Anthony suffered a personal setback when the American Equal Rights Association voted for the 15th Amendment to the Constitution granting African American men suffrage and leaving women out. She questioned why African Americans were not of women’s voting rights. From then on, Susan B. Anthony dedicated herself almost exclusively to the struggle for women’s rights. She was arrested for voting illegally in the presidential election held in 1872.
Despite giving emotive and eloquent arguments that the Fourteenth Amendment gave females the right to vote in federal elections, she was handed a fine which she vowed to never pay. True to her word, Susan Anthony never paid the penalty. Her trial gave her the chance to spread her point of view and arguments to a wider American audience than ever before. (Boller 23) Anthony went abroad and visited various charitable organizations in Europe in 1893. National Women’s Suffrage Association (NWSA) Together with a long time friend and colleague, Susan founded the National Women’s Suffrage Association in 1869.
She became the vice president at its inception, a post she held until she became the president in1892. Her numerous attempts to bring together women in the labor movement with her cause were not very successful. She was even expelled from the National Labor Union for encouraging women to attain economic independence by taking jobs of the men who were on strike at the time. Her organization would controversially merge with a more moderate American Woman Suffrage Association (AWSA) to create the National American Woman Suffrage Association (NAWSA).
Susan Anthony, together with other colleagues, published a book titled ‘The History of Woman Suffrage’. Death and after Susan B. Anthony passed away because of pneumonia and heart failure at her house in Rochester, New York on 13th March, 1906. Her women suffrage dream was realized fifteen years after her death. The passage of the Nineteenth Amendment in 1920 gave women the right to vote. She was honored with the first American woman circulating United States coinage. The Susan B.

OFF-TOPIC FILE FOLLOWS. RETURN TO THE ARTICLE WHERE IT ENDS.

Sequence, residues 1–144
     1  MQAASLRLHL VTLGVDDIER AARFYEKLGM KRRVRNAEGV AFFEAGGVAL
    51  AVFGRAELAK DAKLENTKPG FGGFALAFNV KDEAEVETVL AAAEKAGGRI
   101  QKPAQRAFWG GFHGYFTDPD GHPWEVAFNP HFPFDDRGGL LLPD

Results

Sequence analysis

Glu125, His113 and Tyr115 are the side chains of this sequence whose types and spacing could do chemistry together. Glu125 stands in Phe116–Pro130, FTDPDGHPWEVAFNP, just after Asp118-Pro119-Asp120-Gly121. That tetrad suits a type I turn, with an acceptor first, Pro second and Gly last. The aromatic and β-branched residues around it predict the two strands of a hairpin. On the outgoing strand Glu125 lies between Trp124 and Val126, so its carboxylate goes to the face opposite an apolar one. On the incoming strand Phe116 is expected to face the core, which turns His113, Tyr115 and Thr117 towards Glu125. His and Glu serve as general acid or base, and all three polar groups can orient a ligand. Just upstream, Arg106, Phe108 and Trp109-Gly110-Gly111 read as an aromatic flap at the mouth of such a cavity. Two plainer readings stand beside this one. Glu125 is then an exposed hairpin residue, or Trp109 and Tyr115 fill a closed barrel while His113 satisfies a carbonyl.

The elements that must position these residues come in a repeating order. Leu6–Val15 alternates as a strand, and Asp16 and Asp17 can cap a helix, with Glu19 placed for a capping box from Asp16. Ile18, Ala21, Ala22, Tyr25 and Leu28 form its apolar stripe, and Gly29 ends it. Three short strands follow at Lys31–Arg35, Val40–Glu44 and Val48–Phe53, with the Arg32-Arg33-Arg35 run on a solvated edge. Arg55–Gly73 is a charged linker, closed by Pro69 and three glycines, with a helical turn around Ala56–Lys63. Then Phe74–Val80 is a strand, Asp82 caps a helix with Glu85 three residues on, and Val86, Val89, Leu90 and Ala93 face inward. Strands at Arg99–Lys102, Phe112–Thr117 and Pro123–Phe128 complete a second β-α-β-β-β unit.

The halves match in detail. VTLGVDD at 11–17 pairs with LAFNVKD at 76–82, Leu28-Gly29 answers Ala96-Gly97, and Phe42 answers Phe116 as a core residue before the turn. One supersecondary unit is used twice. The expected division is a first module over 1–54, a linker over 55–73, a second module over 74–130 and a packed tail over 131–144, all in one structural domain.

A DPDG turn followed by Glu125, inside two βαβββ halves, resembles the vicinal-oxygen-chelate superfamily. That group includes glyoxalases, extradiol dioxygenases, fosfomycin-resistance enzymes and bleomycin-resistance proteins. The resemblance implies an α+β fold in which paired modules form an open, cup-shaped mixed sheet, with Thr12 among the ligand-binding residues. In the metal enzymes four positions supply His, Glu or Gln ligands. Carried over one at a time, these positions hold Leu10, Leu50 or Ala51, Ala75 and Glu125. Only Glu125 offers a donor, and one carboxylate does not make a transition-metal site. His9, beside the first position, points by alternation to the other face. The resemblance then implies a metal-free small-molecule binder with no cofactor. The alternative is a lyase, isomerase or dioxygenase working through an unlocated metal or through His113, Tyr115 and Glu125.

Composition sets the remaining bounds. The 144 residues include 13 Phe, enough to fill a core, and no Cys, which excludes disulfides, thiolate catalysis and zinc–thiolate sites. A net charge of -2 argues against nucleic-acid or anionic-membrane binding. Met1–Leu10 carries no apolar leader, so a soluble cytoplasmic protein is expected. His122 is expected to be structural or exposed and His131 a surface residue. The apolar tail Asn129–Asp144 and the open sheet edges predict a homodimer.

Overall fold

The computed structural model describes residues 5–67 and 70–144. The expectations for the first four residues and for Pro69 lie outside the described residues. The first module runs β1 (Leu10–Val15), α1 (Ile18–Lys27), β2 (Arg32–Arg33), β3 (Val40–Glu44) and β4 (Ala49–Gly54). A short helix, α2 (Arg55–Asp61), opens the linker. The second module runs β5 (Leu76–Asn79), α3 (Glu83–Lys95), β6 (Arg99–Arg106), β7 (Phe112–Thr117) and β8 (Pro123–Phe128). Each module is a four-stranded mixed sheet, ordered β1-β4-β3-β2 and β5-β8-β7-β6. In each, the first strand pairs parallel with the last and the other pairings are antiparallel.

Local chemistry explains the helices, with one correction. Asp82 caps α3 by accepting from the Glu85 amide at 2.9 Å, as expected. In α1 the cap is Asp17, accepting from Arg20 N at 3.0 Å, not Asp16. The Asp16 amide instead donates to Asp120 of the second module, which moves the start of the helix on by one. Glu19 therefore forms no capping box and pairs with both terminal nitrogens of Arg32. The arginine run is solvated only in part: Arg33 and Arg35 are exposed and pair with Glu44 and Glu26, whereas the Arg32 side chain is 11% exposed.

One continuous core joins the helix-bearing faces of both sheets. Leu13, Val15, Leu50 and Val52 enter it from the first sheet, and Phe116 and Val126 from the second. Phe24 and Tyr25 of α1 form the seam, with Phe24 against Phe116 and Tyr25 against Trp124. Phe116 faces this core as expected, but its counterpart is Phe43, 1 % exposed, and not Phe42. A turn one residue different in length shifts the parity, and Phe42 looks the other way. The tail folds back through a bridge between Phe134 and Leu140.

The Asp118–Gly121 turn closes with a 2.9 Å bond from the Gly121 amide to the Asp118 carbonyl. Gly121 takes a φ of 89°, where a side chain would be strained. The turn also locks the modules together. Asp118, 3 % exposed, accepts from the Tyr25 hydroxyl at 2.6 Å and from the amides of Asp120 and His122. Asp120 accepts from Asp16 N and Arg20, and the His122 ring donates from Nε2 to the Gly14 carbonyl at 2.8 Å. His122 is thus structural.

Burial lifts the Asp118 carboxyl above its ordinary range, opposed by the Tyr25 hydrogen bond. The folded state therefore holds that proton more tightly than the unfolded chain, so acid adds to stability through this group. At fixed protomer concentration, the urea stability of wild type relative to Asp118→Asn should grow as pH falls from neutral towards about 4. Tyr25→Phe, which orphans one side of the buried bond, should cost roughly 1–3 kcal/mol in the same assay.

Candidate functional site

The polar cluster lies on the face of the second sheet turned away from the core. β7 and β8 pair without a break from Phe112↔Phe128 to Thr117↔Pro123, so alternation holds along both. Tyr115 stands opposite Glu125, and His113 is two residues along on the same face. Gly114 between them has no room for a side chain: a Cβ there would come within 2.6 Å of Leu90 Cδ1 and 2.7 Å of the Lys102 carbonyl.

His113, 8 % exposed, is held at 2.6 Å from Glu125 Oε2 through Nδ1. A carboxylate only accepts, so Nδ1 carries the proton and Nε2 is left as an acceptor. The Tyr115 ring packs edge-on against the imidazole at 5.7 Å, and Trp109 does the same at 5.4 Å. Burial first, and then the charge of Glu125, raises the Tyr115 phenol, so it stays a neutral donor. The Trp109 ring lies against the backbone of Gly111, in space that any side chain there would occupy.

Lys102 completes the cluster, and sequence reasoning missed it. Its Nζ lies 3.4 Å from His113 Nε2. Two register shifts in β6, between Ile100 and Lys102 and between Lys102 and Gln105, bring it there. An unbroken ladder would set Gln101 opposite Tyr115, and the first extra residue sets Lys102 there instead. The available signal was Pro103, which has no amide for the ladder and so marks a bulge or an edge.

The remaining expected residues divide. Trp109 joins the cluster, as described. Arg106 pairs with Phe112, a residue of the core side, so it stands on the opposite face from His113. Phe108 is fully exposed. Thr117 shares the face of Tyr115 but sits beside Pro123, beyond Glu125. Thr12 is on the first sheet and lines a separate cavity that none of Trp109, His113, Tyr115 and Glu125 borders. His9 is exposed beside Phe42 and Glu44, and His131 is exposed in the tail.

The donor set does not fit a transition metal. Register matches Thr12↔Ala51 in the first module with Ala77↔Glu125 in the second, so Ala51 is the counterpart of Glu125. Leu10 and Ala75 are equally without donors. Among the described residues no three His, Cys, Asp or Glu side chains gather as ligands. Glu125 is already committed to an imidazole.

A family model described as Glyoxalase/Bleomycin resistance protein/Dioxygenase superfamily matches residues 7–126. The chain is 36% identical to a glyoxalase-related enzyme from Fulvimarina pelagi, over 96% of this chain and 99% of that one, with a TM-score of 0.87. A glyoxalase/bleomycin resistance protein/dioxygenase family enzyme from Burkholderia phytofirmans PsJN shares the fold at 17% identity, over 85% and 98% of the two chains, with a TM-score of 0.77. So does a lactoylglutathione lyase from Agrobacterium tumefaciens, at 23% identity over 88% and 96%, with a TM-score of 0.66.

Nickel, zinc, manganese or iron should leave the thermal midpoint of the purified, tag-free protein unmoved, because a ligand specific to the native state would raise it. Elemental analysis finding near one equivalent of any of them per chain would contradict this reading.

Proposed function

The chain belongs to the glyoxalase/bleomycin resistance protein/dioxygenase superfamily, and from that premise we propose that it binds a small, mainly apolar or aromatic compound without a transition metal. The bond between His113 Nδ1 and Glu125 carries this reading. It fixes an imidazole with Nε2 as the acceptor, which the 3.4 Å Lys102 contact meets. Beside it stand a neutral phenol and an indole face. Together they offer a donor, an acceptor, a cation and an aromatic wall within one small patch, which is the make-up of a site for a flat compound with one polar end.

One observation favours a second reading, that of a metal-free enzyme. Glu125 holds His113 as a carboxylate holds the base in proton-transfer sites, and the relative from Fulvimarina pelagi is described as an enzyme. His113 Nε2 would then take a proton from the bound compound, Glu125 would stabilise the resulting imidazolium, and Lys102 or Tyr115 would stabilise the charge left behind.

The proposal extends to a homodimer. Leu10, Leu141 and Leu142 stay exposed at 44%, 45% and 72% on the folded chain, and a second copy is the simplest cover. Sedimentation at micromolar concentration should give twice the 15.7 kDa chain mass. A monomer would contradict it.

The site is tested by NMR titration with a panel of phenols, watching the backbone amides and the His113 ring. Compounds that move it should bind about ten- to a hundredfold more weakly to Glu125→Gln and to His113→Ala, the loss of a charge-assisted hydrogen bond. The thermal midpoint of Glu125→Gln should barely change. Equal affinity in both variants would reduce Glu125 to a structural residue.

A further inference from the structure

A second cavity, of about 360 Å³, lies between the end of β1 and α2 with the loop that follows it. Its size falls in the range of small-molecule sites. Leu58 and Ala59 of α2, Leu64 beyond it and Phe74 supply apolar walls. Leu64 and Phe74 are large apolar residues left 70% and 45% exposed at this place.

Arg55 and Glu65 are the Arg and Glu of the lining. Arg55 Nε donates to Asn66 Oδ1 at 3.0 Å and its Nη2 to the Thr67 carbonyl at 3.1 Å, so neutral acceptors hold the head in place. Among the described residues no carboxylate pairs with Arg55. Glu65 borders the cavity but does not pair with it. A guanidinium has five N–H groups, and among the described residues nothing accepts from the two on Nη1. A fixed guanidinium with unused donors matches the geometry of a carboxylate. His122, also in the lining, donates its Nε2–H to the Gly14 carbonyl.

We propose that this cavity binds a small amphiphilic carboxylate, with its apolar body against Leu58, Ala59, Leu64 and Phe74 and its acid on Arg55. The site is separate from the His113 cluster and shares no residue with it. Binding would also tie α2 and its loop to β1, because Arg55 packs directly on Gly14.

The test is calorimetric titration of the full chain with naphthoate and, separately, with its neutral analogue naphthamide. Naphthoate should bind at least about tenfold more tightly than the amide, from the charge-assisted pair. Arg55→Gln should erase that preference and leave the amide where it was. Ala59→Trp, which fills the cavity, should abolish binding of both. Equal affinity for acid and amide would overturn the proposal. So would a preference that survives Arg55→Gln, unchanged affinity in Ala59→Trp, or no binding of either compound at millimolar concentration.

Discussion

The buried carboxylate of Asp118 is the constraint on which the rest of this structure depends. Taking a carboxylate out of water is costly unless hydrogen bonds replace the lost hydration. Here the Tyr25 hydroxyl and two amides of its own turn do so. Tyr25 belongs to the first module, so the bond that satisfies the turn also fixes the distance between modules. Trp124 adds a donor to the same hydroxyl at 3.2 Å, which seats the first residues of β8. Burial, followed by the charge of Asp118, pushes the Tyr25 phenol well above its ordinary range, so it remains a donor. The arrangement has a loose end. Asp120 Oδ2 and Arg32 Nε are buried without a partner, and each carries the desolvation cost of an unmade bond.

Anthony dollar with her appearance was minted in 1979, 1981, 1980, and 1999. Her house in Rochester was acknowledged as a National Historic Landmark and is operated as a museum. (Baker 13)
Baker, Jean H. Sisters: The Lives of America’s Suffragists. Hill and Wang, New York, 2005. Blackwell, Alice Stone. Lucy Stone: Pioneer of Woman’s Rights. Charlottesville and London: University Press of Virginia, 2001, p. 101. Boller, Paul F. , Jr. “Presidential Campaigns. ” Oxford University Press, 1984. Hays, Elinor Rice.
Morning Star: A Biography of Lucy Stone 1818–1893. Harcourt, Brace & World, 1961, p. 88 Miller, William Lee. Arguing About Slavery. John Quincy Adams and the Great Battle in the United States Congress. Vintage Books. (1995) Mobley, Kendal. “Susan B. Anthony and Helen Barrett Montgomery: An Intergenerational Feminist Partnership”. Baptist History & Heritage 2005. Patriot, Ledger. Role model: Susan B. Anthony to come to life The Patriot Ledger: City Edition. Quincy, MA. 1 March 2006 Rice, Mark. Susan B. Anthony. Retrieved on 23rd July 2009 from susanbanthonyhouse.org/her-story/biography.